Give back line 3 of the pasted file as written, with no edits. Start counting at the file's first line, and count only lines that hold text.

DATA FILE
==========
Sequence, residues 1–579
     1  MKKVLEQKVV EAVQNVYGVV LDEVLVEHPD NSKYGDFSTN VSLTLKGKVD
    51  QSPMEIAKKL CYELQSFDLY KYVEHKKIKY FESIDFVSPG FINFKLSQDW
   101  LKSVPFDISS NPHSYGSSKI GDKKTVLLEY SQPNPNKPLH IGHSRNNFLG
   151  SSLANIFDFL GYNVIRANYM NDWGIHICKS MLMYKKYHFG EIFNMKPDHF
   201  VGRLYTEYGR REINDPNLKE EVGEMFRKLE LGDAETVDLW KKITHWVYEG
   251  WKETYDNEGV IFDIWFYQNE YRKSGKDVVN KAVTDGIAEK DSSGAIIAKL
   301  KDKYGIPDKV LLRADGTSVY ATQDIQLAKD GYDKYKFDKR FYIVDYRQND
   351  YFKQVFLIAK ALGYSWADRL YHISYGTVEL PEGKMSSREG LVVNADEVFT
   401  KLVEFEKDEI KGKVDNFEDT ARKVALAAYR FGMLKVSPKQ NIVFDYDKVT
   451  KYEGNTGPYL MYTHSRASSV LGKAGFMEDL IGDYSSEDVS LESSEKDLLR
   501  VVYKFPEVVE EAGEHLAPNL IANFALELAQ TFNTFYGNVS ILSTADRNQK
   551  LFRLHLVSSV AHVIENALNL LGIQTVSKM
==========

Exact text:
    51  QSPMEIAKKL CYELQSFDLY KYVEHKKIKY FESIDFVSPG FINFKLSQDW